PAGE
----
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The Forgotten Smugglers' Cave: Index of Posts

An index of posts describing the Forgotten Smugglers' Cave, an adventure for Holmes Basic characters levels 2-4.                    ...

Saturday, November 27, 2021

TSR's 1976 "Lower Prices" Dice Ad (that shares text with Holmes Basic)

Over on Ebay, Jim Ward has been auctioning items accumulated from his career working at TSR, and among them I noted this early advertisement for dice from TSR that I don't recall seeing before. It appears to be from 1976, as the reverse side is an announcement for the new Metamorphosis Alpha RPG. TSR produced a number of these monochrome advertising sheets in the 1970s, some of which were also used as ads in magazines.

The lengthy explanatory text at the bottom of the page especially caught my attention because it's extremely similar to the "USING THE DICE" section found near the end of the Holmes Basic rulebook. Back in the last post of the Holmes Manuscript series, I presumed that this section originated with TSR, as it is not found in Holmes' manuscript.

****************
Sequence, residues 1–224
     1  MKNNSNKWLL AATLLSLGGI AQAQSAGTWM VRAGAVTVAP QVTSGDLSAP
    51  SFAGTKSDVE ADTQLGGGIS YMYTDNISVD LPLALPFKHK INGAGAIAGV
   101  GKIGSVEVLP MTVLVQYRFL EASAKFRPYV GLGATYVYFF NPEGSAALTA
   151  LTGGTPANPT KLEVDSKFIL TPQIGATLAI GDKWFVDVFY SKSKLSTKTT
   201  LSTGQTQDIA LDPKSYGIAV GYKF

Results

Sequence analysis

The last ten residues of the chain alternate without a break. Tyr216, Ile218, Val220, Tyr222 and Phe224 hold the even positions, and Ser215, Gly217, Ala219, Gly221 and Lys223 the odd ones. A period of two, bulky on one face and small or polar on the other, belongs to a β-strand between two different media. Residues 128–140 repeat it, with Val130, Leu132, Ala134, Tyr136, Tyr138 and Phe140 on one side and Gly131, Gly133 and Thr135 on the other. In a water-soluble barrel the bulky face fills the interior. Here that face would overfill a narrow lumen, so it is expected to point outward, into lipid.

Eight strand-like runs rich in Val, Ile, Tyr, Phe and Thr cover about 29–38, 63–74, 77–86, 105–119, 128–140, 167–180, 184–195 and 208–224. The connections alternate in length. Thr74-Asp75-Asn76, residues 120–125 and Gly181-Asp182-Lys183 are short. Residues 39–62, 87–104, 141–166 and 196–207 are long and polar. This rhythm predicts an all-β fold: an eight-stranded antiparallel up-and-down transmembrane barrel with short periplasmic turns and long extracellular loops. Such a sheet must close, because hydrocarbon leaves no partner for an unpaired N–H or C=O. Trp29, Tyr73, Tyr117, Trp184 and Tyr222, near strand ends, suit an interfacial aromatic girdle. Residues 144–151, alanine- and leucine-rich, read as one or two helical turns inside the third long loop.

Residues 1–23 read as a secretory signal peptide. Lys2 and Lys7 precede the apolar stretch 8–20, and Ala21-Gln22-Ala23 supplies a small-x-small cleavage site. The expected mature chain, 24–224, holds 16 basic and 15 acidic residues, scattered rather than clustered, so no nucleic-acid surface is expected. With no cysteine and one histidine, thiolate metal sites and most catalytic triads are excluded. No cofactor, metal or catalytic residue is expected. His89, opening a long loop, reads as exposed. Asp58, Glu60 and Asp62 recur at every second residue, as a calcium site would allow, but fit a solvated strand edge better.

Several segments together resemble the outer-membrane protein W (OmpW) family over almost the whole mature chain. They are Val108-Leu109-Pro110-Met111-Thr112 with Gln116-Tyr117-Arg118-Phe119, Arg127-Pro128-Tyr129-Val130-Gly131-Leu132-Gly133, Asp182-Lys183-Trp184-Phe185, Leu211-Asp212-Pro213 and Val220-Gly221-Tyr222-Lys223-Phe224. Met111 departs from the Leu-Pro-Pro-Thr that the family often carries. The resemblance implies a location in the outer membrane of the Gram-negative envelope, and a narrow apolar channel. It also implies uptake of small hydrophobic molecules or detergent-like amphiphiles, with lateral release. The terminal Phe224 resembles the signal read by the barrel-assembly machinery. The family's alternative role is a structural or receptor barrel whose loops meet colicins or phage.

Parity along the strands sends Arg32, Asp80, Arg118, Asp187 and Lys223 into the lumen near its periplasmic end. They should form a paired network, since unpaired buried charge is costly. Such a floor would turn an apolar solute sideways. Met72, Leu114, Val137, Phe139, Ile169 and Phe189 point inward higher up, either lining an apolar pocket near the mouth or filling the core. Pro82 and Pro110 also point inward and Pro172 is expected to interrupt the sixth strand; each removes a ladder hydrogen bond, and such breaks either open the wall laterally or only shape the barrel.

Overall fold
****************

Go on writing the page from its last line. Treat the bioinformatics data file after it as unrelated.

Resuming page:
Image originally posted in the Holmes Basic G+ Community (archived here)

The above image is from a 2nd or 3rd printing of the rulebook, but the "Using the Dice" text is the same in the 1st printing. Below is a transcription in which I've bolded the text that is the same as in the "Low Impact" Ad:

        Players need not be confused by the special dice
called for in DUNGEONS & DRAGONS. By using the
assortment of 4-, 6-, 8-, 12- and 20-sided dice, a wide
range of random possibilities can be easily handled.
        For a linear curve (equal probability of any
number), simply roll the appropriate die for 1-4, 1-6, 1 -
8, 1-10 , or 1-12. If some progression is called for,